Plataea, Or Plataese, an ancient city of Boe-otia, on the boundary of Attica, at the foot of Mt. Cithseron, about 7 m. S. by W. of Thebes. The Platseans claimed to derive their name from Platsea, a daughter of Asopus, and their city was one of the oldest of Greece, being mentioned by Homer. The Thebans said that they had founded the city, but in 519 B. C. Platsea, unwilling to acknowledge their supremacy, allied itself with Athens. A thousand of its citizens participated in the battle of Marathon (490). In 480 the city was burned by the Persians, and in 479 was fought the battle of Plateea. (See Greece, vol. viii., p. 190.) For the victory gained on their soil, the confederate Greeks granted the Platseans 80 talents, and charged them with the duty of paying annual honors to the tombs of the fallen warriors, and of celebrating every five years the festival of the Eleutheria; and in return the independence and inviolability of their territory were guaranteed. In 431 the Thebans. made an unsuccessful attempt to seize Plataaa; and later the city, defended by 480 men, held out against the Lacedaemonians from 429 to the summer of 427, when want of provisions compelled a surrender, after which it was razed to the ground.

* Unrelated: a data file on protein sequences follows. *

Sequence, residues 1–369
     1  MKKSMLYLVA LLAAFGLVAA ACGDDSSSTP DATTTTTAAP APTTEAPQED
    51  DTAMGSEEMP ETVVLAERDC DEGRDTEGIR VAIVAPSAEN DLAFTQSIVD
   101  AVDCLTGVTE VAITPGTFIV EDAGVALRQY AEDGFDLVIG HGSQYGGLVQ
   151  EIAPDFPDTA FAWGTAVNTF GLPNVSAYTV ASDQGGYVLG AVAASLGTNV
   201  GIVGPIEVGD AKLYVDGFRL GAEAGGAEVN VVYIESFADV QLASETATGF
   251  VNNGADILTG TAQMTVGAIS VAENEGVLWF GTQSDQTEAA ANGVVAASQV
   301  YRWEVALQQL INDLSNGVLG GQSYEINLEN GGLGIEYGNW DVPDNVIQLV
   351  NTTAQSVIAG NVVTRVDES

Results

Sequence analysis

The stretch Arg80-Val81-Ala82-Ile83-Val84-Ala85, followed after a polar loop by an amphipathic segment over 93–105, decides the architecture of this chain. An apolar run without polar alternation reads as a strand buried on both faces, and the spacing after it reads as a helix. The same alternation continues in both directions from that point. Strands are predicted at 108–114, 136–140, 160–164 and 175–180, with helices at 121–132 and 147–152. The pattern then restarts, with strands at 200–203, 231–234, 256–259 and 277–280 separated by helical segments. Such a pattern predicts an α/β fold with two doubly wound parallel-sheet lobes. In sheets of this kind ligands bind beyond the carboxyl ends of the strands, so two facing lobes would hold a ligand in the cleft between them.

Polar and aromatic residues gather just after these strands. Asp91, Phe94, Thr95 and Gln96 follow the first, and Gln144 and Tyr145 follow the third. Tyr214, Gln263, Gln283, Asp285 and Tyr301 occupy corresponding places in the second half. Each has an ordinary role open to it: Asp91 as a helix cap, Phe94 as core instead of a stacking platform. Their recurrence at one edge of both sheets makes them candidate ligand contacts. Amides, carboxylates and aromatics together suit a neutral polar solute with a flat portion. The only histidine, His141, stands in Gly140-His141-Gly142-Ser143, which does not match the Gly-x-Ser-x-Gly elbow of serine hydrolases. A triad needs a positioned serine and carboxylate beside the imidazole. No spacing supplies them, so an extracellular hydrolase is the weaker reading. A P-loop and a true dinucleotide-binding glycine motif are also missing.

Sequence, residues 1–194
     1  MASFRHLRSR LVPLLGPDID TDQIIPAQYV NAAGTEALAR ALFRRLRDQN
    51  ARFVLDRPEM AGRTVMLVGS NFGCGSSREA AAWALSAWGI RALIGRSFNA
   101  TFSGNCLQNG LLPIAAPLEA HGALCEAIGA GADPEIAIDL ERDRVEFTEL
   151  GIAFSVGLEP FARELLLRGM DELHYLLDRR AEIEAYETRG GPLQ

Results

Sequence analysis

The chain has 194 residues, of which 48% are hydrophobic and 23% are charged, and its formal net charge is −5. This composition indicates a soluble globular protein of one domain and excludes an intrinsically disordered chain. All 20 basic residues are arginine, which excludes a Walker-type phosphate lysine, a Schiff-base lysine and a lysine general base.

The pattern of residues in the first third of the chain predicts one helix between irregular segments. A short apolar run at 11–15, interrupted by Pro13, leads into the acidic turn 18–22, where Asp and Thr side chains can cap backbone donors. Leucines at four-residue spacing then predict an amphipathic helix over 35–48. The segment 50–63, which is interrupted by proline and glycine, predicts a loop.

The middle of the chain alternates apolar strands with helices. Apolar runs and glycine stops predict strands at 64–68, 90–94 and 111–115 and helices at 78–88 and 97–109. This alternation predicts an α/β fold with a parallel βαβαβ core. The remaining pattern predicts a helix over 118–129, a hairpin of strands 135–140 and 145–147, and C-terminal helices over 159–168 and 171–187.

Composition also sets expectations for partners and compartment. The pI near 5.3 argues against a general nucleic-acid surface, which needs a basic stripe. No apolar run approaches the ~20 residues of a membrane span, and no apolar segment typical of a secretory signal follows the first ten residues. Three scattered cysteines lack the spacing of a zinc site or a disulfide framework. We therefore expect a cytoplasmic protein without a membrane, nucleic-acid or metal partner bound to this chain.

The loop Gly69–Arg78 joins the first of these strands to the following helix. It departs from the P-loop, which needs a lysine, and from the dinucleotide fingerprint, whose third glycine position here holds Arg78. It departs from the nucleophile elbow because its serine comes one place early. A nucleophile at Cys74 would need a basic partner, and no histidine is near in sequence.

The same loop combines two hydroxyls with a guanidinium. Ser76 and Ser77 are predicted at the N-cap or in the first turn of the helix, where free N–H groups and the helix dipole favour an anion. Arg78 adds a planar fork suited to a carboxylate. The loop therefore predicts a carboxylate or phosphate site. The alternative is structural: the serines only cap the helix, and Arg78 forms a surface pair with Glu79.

It was rebuilt after the peace of Antalcidas, but was again destroyed by the Thebans in 374; was once more rebuilt by the Macedonians in 338, and is spoken of in the 6th century A. D. by Hierocles as one of the cities of Boeotia. Its ruins are still traced near the village of Kokla.